Hải Vân Tunnel
Hải Vân bridge leads to the Tunnel
|Location||Between Huế and Đà Nẵng|
|Length||6,280 m (20,600 ft)|
|No. of lanes||2|
|Operating speed||70 km/h|
The Hải Vân Pass has long been recognised as a major bottleneck. The concept of a tunnel to bypass the long route over the top had long been sought.
Planning and designEdit
Route planning and design work started in January 1998 by a joint venture between Nippon Koei Company Limited Japan and Louis Berger International Inc., USA with the Vietnamese Transport Engineering Design Incorporated (TEDI) providing consultation on the project.
The tunnel was split into two segments, a southern and a northern section. The southern section (4 km (2.49 mi)) was constructed by a Vietnam–Japan joint venture between the Japanese Hazama Corporation and their Vietnamese partners, Cienco 6. The 2 km (1.24 mi) northern section was constructed by a joint venture between Korea's Dong Ah construction company and Vietnam's Song Da Construction Corporation.
The tunnel officially opened on June 5, 2005.
The main tunnel is 11.9 m (39.0 ft) wide. A second tunnel running alongside the main tunnel is currently used for maintenance and emergencies but it is planned to expand this at a later date as traffic increases. It is connected to the main tunnel by 15 cross-tunnels. The tunnels have lighting, fire alarms, communication, water supply and treatment, ventilation fans, and radio broadcast systems.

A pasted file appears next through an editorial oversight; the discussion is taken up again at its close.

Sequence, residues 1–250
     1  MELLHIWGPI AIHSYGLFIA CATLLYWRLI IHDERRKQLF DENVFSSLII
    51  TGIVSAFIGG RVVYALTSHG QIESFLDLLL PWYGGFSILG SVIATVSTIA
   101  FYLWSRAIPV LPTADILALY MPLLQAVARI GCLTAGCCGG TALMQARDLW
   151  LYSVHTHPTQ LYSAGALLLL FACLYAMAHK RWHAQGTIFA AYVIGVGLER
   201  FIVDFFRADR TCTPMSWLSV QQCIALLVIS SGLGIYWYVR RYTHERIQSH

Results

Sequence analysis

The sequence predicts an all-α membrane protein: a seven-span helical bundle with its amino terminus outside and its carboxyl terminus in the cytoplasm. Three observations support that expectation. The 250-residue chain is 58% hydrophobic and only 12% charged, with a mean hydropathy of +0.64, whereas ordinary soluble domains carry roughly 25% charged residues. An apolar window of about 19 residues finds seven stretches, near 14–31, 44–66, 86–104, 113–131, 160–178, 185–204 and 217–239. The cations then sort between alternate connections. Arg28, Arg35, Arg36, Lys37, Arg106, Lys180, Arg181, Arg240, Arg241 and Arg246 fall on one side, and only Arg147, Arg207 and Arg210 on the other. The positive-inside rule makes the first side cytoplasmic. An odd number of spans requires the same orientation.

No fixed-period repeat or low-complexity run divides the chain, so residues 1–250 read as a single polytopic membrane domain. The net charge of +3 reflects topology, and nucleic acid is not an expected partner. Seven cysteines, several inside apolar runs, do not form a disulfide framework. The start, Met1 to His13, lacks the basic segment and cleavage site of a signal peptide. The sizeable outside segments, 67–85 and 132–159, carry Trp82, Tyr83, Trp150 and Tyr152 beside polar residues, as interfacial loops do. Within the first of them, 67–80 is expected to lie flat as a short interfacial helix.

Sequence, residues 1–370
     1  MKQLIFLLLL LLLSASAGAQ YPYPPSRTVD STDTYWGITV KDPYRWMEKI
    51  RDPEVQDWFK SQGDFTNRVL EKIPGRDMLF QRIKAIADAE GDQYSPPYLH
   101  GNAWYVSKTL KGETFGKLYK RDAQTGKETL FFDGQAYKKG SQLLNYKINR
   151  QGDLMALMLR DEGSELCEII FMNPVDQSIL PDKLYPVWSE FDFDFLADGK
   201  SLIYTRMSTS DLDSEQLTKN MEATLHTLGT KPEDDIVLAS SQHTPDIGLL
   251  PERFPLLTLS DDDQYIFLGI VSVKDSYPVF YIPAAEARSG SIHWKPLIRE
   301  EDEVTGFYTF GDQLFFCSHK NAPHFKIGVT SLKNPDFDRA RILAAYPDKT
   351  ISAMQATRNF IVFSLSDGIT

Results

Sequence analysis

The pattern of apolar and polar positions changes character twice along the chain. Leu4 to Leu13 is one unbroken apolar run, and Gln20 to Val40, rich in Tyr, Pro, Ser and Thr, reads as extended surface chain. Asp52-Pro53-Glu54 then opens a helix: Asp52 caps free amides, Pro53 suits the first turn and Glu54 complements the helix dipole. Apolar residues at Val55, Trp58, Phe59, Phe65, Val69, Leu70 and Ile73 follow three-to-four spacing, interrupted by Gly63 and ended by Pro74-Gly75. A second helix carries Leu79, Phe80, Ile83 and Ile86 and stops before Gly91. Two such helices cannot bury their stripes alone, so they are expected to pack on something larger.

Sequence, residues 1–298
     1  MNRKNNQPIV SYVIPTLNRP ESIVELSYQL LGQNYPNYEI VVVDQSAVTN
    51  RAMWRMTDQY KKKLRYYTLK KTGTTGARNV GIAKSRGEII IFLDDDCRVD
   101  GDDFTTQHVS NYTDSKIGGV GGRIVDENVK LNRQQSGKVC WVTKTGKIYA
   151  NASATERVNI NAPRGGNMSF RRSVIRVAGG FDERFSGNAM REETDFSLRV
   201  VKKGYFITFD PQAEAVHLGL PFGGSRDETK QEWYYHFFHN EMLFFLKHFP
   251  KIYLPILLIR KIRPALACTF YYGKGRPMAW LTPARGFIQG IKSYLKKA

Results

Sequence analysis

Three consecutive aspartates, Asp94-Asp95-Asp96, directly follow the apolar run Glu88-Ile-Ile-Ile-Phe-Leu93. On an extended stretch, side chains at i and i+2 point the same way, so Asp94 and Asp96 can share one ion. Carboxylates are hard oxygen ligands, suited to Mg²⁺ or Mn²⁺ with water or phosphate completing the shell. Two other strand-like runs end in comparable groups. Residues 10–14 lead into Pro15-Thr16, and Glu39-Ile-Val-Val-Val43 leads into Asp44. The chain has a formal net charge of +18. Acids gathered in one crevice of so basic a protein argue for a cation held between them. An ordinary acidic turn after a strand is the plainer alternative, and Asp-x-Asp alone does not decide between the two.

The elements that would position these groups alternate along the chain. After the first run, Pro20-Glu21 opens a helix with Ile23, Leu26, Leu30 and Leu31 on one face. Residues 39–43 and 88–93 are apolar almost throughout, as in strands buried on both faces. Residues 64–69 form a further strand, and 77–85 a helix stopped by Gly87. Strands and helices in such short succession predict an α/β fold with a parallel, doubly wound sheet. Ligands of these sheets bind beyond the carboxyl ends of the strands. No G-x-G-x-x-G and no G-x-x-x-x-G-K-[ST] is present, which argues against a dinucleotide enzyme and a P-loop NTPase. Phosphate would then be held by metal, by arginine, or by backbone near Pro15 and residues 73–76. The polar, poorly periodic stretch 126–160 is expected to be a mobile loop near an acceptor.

Currently the single tunnel has one lane of traffic in each direction. As no overtaking is possible this can result in minor delays if motorists are stuck behind slow moving traffic. A toll of VND25,000 is payable for cars/mini buses.
Motorcycles, cycles and pedestrians are not allowed in the tunnel but a new shuttle service began in November 2006. This shuttle service operates around the clock with a reduced overnight service and a daytime fare of VND25,000 or VND30,000 per motorcycle, VND15,000 per bicycle, and VND10,000 per person.
A small waiting area has been established at each end of the tunnel where visitors can take photographs and watch a documentary about the making of the tunnel.
- "Vietnam's major road tunnel inaugurated". Xinhua News Agency. August 21, 2017. Retrieved September 10, 2017.
- "Hai Van Tunnel Construction Project". Japan International Cooperation Agency. August 21, 2017. Retrieved September 10, 2017.
- Di Michael A. Giovine (2009). The Heritage-scape: UNESCO, World Heritage, and Tourism. Lexington Books. p. 484. ISBN 978-0-7391-1435-3.